Remembering legendary contralto Maureen Forrester
Since the Canadian Opera Company's inaugural eight-day season in 1950, the company has introduced some of the world's greatest singers, commissioned works by Canadian composers and librettists and devised innovative ways of attracting audiences. From that very first performance to the long-awaited opening of a new home at the Four Seasons Centre for the Performing Arts, CBC Digital Archives goes backstage with the Canadian Opera Company.
• Maureen Katherine Stewart Forrester was born July 25, 1930 in Montreal. The youngest of four children, she studied piano as a child and sang in church choirs. She left school at age 13 and financed her own studies with odd jobs including secretary and telephone operator. She made her professional debut with the Montreal Elgar Choir on Dec. 8, 1951 at the Salvation Army Citadel in Montreal. • In a 2000 interview with CBC Television, Forrester said her five-decade singing career was decided by her mother, who loved to sing at their Presbyterian church. "I wanted to be a basketball player," Forrester said.
• The young Forrester auditioned for Bernard Diamant, a well-known vocal coach. He told her she had a beautiful voice but didn't know how to sing. Diamant forbade her from performing in public for six months while he moulded her contralto, the lowest female singing voice. Forrester started as a soprano but switched as a teen when her voice deepened. Her voice was famous for its depth and power.
• The singer's career was launched with the help of J.W. McConnell, publisher of the Montreal Star. He became her patron after reading glowing reports from his young critic Eric McLean. McConnell later cut off his support, however, after learning that Forrester had had a baby out of wedlock with violinist Eugene Kash, who later became her husband.
• Forrester's rise to international acclaim was given a huge boost with her New York debut on Nov. 12, 1956. She sang Gustav Mahler's Second Symphony under the direction of legendary conductor Bruno Walter. Forrester later became known as one of the world's leading interpreters of Mahler's music. Walter had worked with Mahler himself at the Court Opera in Vienna.
• A skilled linguist, Forrester has sung in every major language in every major opera house. While known internationally for grand opera, over her long career Forrester showed her versatility at both comedy and drama. She performed solo recitals, in operettas and even played a madcap witch in the 1970 CBC Television production of Hansel and Gretel. Throughout the '70s and '80s she appeared frequently with the Canadian Opera Company in a variety of roles including Brangäne in Wagner's Tristan und Isolde and the Marquise in Donizetti's Daughter of the Regiment.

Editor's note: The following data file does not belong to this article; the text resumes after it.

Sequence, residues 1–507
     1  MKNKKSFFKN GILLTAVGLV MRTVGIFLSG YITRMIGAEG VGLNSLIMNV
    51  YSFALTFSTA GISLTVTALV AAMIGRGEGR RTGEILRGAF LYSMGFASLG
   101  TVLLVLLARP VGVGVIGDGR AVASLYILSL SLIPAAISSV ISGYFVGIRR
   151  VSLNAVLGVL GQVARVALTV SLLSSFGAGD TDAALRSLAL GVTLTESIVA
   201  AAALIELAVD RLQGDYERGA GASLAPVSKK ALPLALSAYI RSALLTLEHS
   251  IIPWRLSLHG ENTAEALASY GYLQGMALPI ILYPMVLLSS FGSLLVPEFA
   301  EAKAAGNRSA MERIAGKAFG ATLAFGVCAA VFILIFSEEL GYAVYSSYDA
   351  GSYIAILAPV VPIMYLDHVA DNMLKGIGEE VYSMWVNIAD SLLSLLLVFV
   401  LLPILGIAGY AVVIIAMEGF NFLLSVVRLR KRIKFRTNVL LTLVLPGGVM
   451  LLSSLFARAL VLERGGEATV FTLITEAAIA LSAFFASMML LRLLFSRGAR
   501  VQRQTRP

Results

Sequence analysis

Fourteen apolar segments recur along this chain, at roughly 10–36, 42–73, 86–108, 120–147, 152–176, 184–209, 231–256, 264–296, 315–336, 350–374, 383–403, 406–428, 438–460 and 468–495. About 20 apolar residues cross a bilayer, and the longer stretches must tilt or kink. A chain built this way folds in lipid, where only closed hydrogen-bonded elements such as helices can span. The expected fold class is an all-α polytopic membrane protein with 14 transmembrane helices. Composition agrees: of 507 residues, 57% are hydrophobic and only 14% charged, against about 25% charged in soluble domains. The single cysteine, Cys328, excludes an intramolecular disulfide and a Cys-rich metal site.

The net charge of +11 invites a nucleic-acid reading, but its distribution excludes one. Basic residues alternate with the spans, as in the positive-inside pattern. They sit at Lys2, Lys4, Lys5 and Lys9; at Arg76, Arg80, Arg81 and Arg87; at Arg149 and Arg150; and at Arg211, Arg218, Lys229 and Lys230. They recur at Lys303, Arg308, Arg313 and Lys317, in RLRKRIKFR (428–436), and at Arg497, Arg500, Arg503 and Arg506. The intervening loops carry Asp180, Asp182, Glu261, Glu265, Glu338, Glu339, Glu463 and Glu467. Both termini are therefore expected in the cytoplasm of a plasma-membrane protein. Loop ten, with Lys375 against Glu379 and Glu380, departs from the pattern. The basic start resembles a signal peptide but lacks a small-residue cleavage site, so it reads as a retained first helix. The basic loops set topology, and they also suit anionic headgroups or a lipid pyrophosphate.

• Forrester and her husband, Eugene Kash, met when she performed at an Ottawa high school. Eighteen years her senior, Kash was conductor of the Ottawa Philharmonic Orchestra. Forrester had the first of their five children while on tour in Germany. The birth was kept secret, and they married almost two years later. The pair separated in the 1970s but remained close friends.
• Forrester has received virtually every honour possible, including almost 30 honorary doctorates. Forrester was appointed a Companion of the Order of Canada in 1967. In 2000, she was given a star on the Walk of Fame in Toronto. Buildings named in her honour include the Maureen Forrester Recital Hall of Wilfred Laurier University in Waterloo, Ont.
• Forrester played a key role in a memorable moment in Canadian history. It was she who hatched the idea of getting Prime Minister Brian Mulroney on stage to sing at the gala capping his 1987 meeting with U.S. President Ronald Reagan in Quebec City. At what has become known as the Shamrock Summit, Forrester said from the stage: "Would you come down and join us, Mr. President and Mr. Prime Minister?" They sang When Irish Eyes Are Smiling. • Forrester died on June 16, 2010 at the age of 79.
Program: Opportunity Knocks
Broadcast Date: April 16, 1951
Guest(s): Maureen Forrester
Host: John Adaskin
Last updated: January 28, 2013
Page consulted on March 20, 2013
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